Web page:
New York's Cooperative and Condominium Community

Habitat Magazine Insider Guide



Who's Subject to Flip Taxes?

When half a dozen of my co-op board clients called me recently looking to amend their flip-tax policies, I considered it a definite trend. Flip taxes, also known as transfer fees, are sums charged by a cooperative to a selling shareholder as a condition of the board’s consenting to the sale. Ideally, a flip tax will raise enough money from departing shareholders to meet the building’s capital needs without unpopular maintenance increases or assessments. However, several factors are putting pressure on that equilibrium. 


The first issue is that capital improvement costs are going up. Buildings are having to deal with outdated infrastructure and numerous laws addressing carbon emissions, aging gas pipes, crumbling facades and other problems — all while interest rates, inflation and construction costs are increasing.


The other factor is that co-op boards are seeing an increasing number of intergenerational transfers, that is, from parent to child. This is happening for two reasons: because co-op shareholders, as a group, are getting older and giving more thought to estate planning and because New York City real estate is getting so expensive that the children of co-op shareholders are having difficulty buying apartments on their own. Intergenerational transfers are typically exempt from flip taxes because they do not involve the payment of cash at market rates and often do not even require board approval, depending on the terms of a given proprietary lease. 


So this is creating a bind for boards. While capital improvement costs and obligations are going up, boards are seeing an increasing number of non-cash transfers that do not contribute to the building’s bottom line. This is especially concerning for those shareholders who would have trouble paying for assessments or who don’t have heirs to pass their apartments to. Some boards are troubled by the perceived inequity of shareholders passing down intergenerational wealth without paying their fair share of the building’s maintenance needs.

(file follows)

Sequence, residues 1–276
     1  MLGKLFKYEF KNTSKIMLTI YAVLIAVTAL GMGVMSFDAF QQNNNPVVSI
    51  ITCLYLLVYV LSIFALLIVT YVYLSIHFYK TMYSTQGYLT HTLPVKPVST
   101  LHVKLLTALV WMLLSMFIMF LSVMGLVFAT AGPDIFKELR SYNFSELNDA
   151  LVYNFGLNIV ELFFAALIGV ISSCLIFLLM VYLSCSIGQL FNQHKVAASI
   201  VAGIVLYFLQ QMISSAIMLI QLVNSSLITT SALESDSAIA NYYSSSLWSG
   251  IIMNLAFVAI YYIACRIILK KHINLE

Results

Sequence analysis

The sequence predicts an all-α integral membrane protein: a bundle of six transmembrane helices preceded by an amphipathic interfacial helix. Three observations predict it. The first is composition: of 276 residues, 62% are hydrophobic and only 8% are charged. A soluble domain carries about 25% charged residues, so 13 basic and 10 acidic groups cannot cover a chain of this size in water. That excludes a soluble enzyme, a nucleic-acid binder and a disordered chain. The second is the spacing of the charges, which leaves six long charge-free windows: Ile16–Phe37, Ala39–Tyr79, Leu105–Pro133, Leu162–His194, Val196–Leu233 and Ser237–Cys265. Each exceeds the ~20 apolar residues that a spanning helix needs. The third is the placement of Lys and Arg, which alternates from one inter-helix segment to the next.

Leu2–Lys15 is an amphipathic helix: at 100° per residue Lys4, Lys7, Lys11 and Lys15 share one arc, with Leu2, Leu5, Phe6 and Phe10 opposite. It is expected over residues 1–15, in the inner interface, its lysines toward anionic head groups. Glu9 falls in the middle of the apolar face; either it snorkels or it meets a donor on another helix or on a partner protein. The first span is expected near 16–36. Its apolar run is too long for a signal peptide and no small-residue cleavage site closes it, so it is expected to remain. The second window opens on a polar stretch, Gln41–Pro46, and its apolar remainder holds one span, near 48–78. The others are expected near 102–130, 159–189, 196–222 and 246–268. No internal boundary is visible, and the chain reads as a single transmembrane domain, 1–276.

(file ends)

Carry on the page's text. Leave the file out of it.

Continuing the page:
All of this explains why I have been getting so many calls seeking to amend flip tax provisions. 


The most obvious fix available to boards is to charge a flip tax for non-cash transfers. To do that, however, requires figuring out a way to peg an apartment’s value when there is no market-based transaction involved. Who does the appraisal? Who pays for it? How does the board ensure that the appraisal does not come in too low? 


Moreover, when you charge a flip tax for a non-cash transfer, you’re asking someone to pay a substantial fee when he may not have access to liquid assets, such as proceeds from a sale. For many shareholders, a flip tax on intergenerational transfers could actually prevent them from passing their apartment down to their children. 


Even if a board decides to support a flip-tax amendment, it generally requires supermajority approval from shareholders, typically two-thirds. Many long-serving board members will recall how difficult it was to get their shareholders to adopt a flip tax in the first place. Amending it probably won’t be any easier. 


No matter what boards decide to do with their flip taxes now, the conditions that have led to the issue — old buildings, aging shareholders, expensive regulations and overheated real estate values — are not going away any time soon. 

William D. McCracken is a partner at the law firm Ganfer Shore Leeds & Zauderer.

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